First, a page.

Nov. 24 at 2:22pm
(Yes, it's Saturday. I lose track of time when long-lost adult children come to visit. But I wanted to get in on Jen Fulweiler's weekly blogger tradition. You can, too, if you like: see Jen's instructions at the very end of this post.)
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As my philosophy professor, the late lamented Dr. William Marra, used to say,
“Money is happiness in the abstract.”
He was right: if we dedicate Black Friday to commerce,
it’s not so much because we want this particular HDTV or that particular vegan leather handbag: it’s because money seems to bestow the power to be happy in whatever way we might turn out to desire. It represents an open-ended guarantee that, should a wish arise, we’ll be able to satisfy it. Money means control and protection from the unexpected. At least, maybe that’s the illusion lurking in the back of our minds, and the real reason money has such a hold on us. A clearer view of Who’s really in control is the cure.
I think consumerism run amok is closely related to safety consciousness run amok.
The most sublime and festive greeting we can come up with these days is,
‘Have a safe holiday!”
I’m all for safety. Really! As the mother of a little girl
who once fractured her forearm while playing quietly with blocks in the living room, I’m a fervent fan of safety. But safety, security, health—these, like money, are conditions for certain kinds of happiness and pleasure—not ends in themselves. This is exceptionally easy to forget.
I can’t prove this, but it certainly rings true. In this book
Shackelford and White say studies have shown that customer enthusiasm for any product reaches its zenith at the moment of purchase.
Yes, it’s downhill from there.
Because even if you know perfectly well that that material goods don’t bring true happiness, but only pleasure, it’s very, very easy to overestimate just how much pleasure they’re likely to bestow. That’s even if they include batteries, require no maintenance, and don’t get broken or “borrowed.” There’s a reason why Scripture says
Lay not up to yourselves treasures on earth: where the rust and moth consume, and where thieves break through and steal.
Then again, sometimes material goods bring not just disappointment but envy, misery, and violence. We have a house rule: No special treats that cause more trouble than happiness. There are certain cold cereals that I will pay an outrageous price for occasionally even though their first three or four ingredients are toxic chemicals.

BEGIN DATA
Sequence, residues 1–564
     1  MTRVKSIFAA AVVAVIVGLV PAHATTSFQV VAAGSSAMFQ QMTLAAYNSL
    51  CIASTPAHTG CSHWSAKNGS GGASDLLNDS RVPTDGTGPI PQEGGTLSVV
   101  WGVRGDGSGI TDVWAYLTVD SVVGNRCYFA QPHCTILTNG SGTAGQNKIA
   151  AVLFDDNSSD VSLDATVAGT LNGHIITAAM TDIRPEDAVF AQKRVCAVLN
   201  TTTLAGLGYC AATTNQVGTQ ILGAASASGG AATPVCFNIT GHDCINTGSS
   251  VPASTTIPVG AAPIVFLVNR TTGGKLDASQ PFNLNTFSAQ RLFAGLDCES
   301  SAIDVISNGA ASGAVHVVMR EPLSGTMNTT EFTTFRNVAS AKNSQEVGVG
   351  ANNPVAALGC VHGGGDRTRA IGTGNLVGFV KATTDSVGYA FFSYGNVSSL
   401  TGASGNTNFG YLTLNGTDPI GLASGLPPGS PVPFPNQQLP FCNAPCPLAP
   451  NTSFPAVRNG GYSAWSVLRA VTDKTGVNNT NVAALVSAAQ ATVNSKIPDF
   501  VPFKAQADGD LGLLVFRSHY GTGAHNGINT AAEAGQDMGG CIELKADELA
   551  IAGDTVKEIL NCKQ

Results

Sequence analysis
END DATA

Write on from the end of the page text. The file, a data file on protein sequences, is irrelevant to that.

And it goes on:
But they have to pass the Less-Trouble-than-Happiness test. It is apparently very, very easy to be enjoying your own Cap’n Crunch one minute but be racked with anxiety and suspicion the next lest your sibling’s bowl contain a couple milligrams more of tasty chemicals than yours. When this happens too many times, certain things stop appearing on the breakfast table at all, even on Fat Tuesday.
Money is not the root of all evil—money-lust is. But maintaining detachment from lots of money can be much harder than getting by with less. Wealth has a way of usurping more than its rightful share of our limited store of mental energy, time, and attention.
Besides, it seems that when you cross Puritan roots
with prosperity, you produce a powerful, anxiety-ridden sense of duty
to be a responsible consumer, perpetually preoccupied with price comparison. At its best, this is part of stewardship. At worst, Consumer Reports replaces the Bible, and getting a good deal becomes the duty that trumps all others. (Thus, you might find yourself out hunting down cheap gizmos when you ought to be sitting down to a family Thanksgiving—more on that in a minute.)
Good stewardship is, of course, a legitimate moral duty, but it gets out of hand. What else could you be doing with the time spent researching deals on a superfluous or toxic product? What exactly will you be doing with all the money you save? These are moral questions, too.
A funny thing happened this year. Some people, including myself, have been railing against Black Friday for a good long time.
But this year, somebody got carried away and decided to invent Black Thursday, and replace Thanksgiving with it.
This set off an outcry, which was heartening but peculiar. After all, Thanksgiving was downgraded long ago from a religious festival to an afternoon when women gathered in kitchens to share anxieties about gluten-free stuffing and men gathered on sofas to watch football with visiting in-laws with whom it was unsafe to discuss politics and religion.
We cultivate an “attitude of gratitude” because “studies have shown”—and they have—that it’s good for your mental health. But an exercise done to enhance mental health is a step down from the celebration of a sacred feast.
As we head into the “Holiday Season,” I want to offer more than hackneyed warnings against consumerism and secularism. It’s easy to get caught up in pro- or anti-Bllack Friday activism, or indignation at CEO’s who want to celebrate a certain lucrative birthday without any mention of the birthday Boy.
But then, if we protest that instead of preparing our hearts, we’re missing the point.
In fact, we're missing it just as thoroughly as the guy who spends Thanksgiving Day in the electronics department of Walmart.
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